It isn’t always a great day to be a Cobber

Nuancing the ‘Happy Cobber’

Steadfast Feminist.  Natalie Dulka
Steadfast Feminist. Natalie Dulka

On every poster, in every picture that slides across the Concordia webpage and in every pamphlet and brochure sent to prospective students, the “Happy Cobber” is front and center.The photos in our advertising and marketing materials feature sunny skies, racial diversity, and smiles on every face. Concordia College markets itself, like most schools, as an institution rich with people from different backgrounds getting along in perfect harmony and perfect weather. The way Concordia students and faculty talk about “Cobber Spirit” and the way Cobbers live suggests an inherent and unfailing happiness that is found in far fewer of Concordia’s students than you’d think.

The Happy Cobber is a well-rounded liberal arts student who is involved in at least one student organization, an extracurricular or two and two or three academic departments. It is so encouraged that it feels mandatory to be a Happy Cobber. In my personal experience, it has become very much frowned upon to not be engaged on campus. It is taboo to struggle in class. It seems that being anything less that exceptional is unacceptable. Concordia affords its students something truly unique: an opportunity and an expectation to do it all. Which, arguably, can be a great thing.

For example, a sophomore biology major and theatre minor friend of mine was looking at transferring to NDSU and chose to stay at Concordia not because he’d get a better biological education here but because he could get a biological education while also being involved in theatre classes and productions. He chose to stay because he could dabble in all of the things he was passionate about at Concordia.

Concordia offers the kind of education you can’t get anywhere else: a truly interdisciplinary one. Because the education one receives at Concordia is so extraordinary, the price tag is pretty extraordinarily high. Because the price tag is high, students at Concordia feel pressure to take advantage of all the various clubs, organizations, extracurricular activities, majors and minors that are served up on silver platters for them to choose from. We have events like Cobber Expo and we encourage students to get involved but at what cost?

The “Happy Cobber” cookie-cutter mold that many Concordia students fit into ignores a burden that weighs on a good number of us. According to the Counseling Center, 330 individual students are seen each year for mental health and counseling services, accounting for 2,200 scheduled counseling appointments. The Mayo Clinic estimates that there are 3 million cases of Seasonal Affective Disorder or Seasonal Depression diagnosed in the United States per year with over half of those cases being 18 to 25 year olds. We live in a town where winter starts in November and ends in early April so it stands to argue that most of us struggle, at least a little, with S.A.D.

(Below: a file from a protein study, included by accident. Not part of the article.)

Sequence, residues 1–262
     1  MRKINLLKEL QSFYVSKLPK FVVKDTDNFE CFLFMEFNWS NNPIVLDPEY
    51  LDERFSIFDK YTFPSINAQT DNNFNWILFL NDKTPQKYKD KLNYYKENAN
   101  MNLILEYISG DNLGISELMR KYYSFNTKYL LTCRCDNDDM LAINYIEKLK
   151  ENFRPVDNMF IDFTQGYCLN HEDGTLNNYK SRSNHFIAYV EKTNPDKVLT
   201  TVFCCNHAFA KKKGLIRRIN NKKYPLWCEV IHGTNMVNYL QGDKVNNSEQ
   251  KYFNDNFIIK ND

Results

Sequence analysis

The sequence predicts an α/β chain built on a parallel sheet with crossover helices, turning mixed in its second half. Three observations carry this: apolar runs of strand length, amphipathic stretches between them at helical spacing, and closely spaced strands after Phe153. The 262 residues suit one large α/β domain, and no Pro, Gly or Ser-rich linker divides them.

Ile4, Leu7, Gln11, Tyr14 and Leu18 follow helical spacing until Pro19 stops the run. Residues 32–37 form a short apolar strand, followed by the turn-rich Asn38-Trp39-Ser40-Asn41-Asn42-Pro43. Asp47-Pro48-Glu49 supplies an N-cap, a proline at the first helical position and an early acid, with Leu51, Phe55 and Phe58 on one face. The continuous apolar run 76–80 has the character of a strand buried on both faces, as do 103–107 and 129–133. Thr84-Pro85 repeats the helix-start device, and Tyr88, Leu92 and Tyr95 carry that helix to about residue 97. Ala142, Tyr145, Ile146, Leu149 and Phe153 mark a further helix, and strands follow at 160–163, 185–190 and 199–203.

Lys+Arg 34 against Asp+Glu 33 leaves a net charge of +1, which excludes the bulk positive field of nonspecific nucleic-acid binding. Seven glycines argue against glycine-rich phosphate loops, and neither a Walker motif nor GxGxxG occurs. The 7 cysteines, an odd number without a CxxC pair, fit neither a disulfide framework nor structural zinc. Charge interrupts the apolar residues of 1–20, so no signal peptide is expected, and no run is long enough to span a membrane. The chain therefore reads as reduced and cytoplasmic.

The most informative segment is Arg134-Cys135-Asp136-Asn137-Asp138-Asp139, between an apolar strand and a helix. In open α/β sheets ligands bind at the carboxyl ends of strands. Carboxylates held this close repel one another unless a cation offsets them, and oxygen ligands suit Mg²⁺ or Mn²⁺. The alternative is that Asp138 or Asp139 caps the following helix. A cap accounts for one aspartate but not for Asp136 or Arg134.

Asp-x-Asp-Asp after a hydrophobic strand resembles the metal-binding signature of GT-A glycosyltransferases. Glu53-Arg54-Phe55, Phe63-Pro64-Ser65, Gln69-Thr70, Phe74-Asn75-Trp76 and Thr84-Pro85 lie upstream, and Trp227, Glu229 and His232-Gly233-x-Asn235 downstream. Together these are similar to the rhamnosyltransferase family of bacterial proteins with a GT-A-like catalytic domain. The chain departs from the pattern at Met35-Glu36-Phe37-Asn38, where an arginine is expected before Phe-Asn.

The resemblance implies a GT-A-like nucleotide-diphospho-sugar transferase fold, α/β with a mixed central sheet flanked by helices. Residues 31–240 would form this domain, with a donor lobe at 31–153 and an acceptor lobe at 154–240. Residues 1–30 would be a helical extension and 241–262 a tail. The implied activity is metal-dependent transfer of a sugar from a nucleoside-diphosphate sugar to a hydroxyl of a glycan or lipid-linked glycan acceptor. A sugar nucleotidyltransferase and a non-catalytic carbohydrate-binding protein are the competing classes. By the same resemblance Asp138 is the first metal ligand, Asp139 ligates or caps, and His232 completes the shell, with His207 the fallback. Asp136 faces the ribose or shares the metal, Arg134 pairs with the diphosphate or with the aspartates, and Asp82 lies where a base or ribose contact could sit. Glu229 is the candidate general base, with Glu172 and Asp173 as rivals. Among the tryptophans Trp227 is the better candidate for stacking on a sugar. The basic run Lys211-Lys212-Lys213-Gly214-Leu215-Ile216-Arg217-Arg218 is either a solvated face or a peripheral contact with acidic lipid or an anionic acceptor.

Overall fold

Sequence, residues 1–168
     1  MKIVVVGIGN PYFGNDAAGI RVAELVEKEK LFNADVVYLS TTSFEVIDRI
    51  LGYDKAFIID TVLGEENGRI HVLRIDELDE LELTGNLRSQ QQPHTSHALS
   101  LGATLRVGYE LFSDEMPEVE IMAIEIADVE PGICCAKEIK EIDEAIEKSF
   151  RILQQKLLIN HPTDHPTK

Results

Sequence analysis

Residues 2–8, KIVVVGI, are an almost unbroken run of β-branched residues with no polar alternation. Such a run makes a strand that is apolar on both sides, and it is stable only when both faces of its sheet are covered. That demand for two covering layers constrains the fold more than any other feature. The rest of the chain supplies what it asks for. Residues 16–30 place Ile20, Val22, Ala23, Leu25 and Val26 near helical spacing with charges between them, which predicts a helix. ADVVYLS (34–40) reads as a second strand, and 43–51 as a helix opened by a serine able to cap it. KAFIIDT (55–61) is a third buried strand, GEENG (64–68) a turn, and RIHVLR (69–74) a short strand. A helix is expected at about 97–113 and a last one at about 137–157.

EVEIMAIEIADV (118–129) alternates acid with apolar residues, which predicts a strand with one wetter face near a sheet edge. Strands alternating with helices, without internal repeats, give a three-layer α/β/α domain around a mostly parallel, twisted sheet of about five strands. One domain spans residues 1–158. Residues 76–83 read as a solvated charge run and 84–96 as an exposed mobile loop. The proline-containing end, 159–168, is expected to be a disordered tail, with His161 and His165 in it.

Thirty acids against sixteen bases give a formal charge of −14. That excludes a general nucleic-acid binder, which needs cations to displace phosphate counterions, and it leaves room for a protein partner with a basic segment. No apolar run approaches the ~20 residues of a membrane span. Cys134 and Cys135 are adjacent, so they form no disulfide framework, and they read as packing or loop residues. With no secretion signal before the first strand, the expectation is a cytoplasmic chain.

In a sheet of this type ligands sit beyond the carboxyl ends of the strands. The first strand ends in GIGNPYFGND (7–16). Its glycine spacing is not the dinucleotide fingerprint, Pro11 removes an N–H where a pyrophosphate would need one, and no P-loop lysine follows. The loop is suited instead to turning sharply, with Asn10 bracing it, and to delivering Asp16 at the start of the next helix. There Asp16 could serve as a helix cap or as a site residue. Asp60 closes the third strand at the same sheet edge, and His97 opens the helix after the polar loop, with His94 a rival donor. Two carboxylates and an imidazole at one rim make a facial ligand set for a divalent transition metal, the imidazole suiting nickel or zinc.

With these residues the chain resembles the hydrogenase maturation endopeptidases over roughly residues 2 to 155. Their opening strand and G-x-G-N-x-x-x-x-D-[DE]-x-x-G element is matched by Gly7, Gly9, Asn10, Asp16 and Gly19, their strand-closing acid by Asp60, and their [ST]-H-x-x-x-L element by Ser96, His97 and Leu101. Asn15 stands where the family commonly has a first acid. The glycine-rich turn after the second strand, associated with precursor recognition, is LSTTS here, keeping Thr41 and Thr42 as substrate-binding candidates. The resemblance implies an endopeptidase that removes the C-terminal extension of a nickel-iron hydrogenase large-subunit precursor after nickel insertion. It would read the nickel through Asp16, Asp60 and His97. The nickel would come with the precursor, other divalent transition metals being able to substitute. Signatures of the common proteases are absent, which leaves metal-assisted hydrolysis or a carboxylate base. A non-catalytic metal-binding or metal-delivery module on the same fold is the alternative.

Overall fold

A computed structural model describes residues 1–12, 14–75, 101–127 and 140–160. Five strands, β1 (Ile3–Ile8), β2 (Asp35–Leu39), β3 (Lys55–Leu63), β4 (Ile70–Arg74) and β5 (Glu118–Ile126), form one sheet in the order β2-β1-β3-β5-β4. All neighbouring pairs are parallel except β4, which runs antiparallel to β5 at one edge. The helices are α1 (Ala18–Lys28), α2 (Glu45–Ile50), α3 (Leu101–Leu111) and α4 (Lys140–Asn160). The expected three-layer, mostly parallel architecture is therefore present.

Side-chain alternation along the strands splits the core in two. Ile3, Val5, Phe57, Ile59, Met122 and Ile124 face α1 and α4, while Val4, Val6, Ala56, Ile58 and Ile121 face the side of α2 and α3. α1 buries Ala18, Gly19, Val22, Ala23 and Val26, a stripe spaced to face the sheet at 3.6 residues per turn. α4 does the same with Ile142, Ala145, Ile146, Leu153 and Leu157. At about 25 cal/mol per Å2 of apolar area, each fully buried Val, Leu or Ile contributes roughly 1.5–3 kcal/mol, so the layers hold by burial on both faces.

Now, obviously every college is going to market itself as a sunny skies kind of place where everyone is happy and involved and living life easy and free. I don’t have a problem with the “It’s a great day to be a Cobber” slogan. I have a problem with the fact that we don’t talk about the not-so-great days. Sure, we have a Counseling Center that tries its very best to accommodate every student but the wait for an appointment can be anywhere from a week to two months. Sure, we have Active Minds, a great student organization that addresses mental health in every event, but we talk far more about choir and football and SGA than we do about Active Minds. There is an awareness of mental health issues at Concordia but the issue is still swept under the rug with a Minnesotan “let’s talk about anything else” broom.

It is expected that every student at Concordia does well in class, engages in activities and is a Happy Cobber. The Happy Cobber trope alienates students who don’t do well in class, who aren’t involved on campus or who struggle with mental health. The Happy Cobber creates stigma around having mental health issues. It engenders a fear of failure and weakness that keeps many students from getting the help they need.

It’s a great thing to be a Cobber. Concordia is an amazing school with brilliant faculty, engaged administrators and countless opportunities for its students. We should absolutely talk about these things. We should absolutely love our school. But we should also feel comfortable talking about the bad things. We should be able to struggle without feeling like we’ve failed our community. We should be able to advertise a Cobber who pulls Bs and Cs and only occasionally gets involved on campus. We should be encouraged to go above and beyond. But we should be able to just meet expectations once in a while. It’s not always a great day to be a Cobber. But that’s okay.

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